Thu | Jan 24, 2019

Forget fish back in eucalyptus oil

Published:Wednesday | March 25, 2015 | 12:00 AM

Ruddy Spencer doesn't need a column to say how underwhelming he thinks Andrew Holness' speech was, because cutting a sleep was commentary enough. But unlike Ruddy and some others in Parliament, I stayed (mostly) awake.

I think Andrew did well enough right up until he wandered, lost, dazed, and confused, into the economic part of his presentation. That's when disingenuity reared its head, even to the point of another species of 'fish' argument coming back to Parliament. This time it's about 'fish back'.

Look here, man: It's time to put an end to this fish business once and for all. From J.C. Hutchinson, the shadow spokesperson on fishery, brought up this matter years ago, it's been a recurring theme.

Anyway, I thought Andrew had useful comments about education, security, and health. His theme was that we have to put some things in place if we're serious about moving from poverty to prosperity, and all through this first part of his presentation he was scoring runs.

Actually, I felt he was slapping it out of Sabina when he touched the note that there are certain cultural practices that we've inherited or adopted that aren't taking us anywhere fast. There was even an element of courage in opposing the cultural cognoscenti and stating forthrightly that we have to teach the children English. He also reproposed a national ID system and mandatory DNA samples from arrestees. All good.

But then he veered off to follow in Audley's wake and carry the simplistically populist line that the fiscal austerity demanded by good governance, and now associated with the IMF programme, is some alien mandate representing a governmental mistake. This is completely wrong, and makes no sense coming from a former prime minister who very well knows why he promised "bitter medicine".

Andrew is faced with the following problem: What to do as an Opposition when you know perfectly well that, as government, you would have to follow the very same fiscal policies? One route is to cook up a concoction of fish back in eucalyptus oil. The other is to responsibly accept the reality, and to spend the energy and firepower pointing to where the Government is failing to drive growth. There's lots of scope for criticism on that score, for there are whole ministries that are essentially dormant.

So don't follow Audley too closely. At his best, Audley serves up ideas. At his worst, it's "Brrrrrrrrrr!", and given the recent record of dealings between him and the IMF, he's not putting the best foot forward.


Golding's impressive impression


As an aside, Mark Golding's furious-turkey-gobbler Audley Shaw impression has stuck with me. So nowadays when Audley speaks and shakes his mighty jowls, it's in the back of my mind: "Brrrrrrrrrrrrr! Brrrrrrrrrrrrr!" It's not fair, but it was unforgettable.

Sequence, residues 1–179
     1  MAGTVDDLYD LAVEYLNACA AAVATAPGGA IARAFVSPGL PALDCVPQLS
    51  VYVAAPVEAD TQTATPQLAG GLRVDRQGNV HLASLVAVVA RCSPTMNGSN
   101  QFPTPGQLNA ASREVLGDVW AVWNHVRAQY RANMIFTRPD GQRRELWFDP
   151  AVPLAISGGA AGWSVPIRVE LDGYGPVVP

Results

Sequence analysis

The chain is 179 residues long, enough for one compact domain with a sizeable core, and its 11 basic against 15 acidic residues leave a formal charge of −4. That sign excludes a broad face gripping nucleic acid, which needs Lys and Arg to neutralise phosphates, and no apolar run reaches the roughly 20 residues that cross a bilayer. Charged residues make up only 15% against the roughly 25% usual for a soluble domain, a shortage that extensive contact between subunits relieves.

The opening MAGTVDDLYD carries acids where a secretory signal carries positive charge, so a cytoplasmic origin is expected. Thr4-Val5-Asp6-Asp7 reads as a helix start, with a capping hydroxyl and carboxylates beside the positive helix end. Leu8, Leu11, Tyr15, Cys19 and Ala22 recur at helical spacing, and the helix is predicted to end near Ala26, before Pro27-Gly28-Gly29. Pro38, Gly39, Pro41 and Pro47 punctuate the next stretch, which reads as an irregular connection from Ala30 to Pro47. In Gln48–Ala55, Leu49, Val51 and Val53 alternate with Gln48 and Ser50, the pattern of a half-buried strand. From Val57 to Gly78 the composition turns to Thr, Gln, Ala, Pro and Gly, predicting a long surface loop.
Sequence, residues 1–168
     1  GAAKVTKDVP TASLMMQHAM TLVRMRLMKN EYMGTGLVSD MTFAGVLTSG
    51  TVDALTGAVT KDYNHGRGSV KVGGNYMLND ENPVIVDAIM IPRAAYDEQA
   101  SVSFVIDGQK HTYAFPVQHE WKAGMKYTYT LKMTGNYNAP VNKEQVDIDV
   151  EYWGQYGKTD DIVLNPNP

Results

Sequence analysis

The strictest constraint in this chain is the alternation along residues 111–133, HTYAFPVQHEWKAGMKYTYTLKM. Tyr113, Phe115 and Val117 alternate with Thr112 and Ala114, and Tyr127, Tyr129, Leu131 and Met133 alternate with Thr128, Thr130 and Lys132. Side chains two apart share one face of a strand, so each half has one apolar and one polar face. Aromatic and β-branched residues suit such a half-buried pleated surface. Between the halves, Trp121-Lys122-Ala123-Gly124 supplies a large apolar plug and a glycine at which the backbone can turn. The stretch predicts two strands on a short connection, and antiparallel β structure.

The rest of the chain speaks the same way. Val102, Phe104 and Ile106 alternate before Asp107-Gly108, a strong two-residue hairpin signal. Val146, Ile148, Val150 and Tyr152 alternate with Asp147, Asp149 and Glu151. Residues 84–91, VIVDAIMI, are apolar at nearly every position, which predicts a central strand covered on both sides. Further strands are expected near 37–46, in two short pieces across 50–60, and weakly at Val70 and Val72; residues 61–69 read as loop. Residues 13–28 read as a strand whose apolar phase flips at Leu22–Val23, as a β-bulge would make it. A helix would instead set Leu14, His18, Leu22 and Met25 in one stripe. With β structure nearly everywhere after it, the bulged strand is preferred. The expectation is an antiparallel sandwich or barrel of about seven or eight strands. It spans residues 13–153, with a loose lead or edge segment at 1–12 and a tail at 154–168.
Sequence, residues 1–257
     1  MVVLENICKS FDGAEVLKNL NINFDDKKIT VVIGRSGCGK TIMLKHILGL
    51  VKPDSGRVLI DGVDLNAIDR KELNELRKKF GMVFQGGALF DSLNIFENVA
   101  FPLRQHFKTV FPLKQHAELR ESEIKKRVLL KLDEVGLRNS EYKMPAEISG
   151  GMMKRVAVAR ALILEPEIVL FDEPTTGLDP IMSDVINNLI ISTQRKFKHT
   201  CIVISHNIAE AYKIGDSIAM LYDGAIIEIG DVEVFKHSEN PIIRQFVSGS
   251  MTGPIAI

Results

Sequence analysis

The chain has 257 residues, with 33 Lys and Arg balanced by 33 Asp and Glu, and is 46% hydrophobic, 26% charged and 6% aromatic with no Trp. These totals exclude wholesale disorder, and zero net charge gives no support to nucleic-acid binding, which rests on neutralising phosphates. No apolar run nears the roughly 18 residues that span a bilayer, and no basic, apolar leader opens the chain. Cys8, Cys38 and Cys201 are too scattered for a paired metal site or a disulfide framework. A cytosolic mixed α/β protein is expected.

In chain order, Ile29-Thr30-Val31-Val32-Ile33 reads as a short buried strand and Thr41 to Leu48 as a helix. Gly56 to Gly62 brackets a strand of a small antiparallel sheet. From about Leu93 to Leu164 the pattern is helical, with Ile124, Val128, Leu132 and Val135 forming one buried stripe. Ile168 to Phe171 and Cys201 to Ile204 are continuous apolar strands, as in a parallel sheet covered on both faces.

For instance, the elaborate apologetics about '07 to '11 amount to pointing to the supposed economic good times afforded by the stash of borrowed money that there was no plan or intention to repay. But that's the national equivalent of Olint. It wasn't a sustainable strategy.

Plus, Audley has conveniently forgotten that it was he who brought the IMF girl back to the Jamaican dance. His problem is that the girl likes Peter a lot more than him right now.

Returning to the strategy of taking IMF and World Bank money and then dodging them isn't an option. Admittedly, it's a time-tested approach, practised every time a man takes credit from a shop, then carefully plans his walking route to avoid the shopkeeper. Yes, the IDB signed a loan in December 2011. That's called taking credit from another shop on the new route. The dodgeball with the IMF was a disastrous national strategy. And we're still paying for it by their excruciating terms before re-engaging.

Unless and until someone convinces me that failing IMF tests is a better strategy than passing them, I bracket away the whining and complaining as not worth the bother.

Look at Greece. The basic difference between Jamaica and Greece is that Greece, being an EU member, has more leverage. And Greece has almost none. There, too, politicians concocted arrangements that bankrupted the country.

When Greece's creditors insisted they get their house in order, the Greeks naturally erupted in righteous indignation (as we have). Up shot Syriza, a political party cobbled together from the rump of the old communists, denouncing 'austerity' as the machination of the evil capitalist system. It successfully harnessed the unpopularity of austerity measures and villainised the EU and IMF.

Now the government, Syriza has performed some meaningless antics, created a few headlines, and latterly are having to meekly settle back to the original programme of adjustment. Their noise only made it more difficult and more costly. Is that the route we want?

- Daniel Thwaites is an attorney-at-law. Email feedback to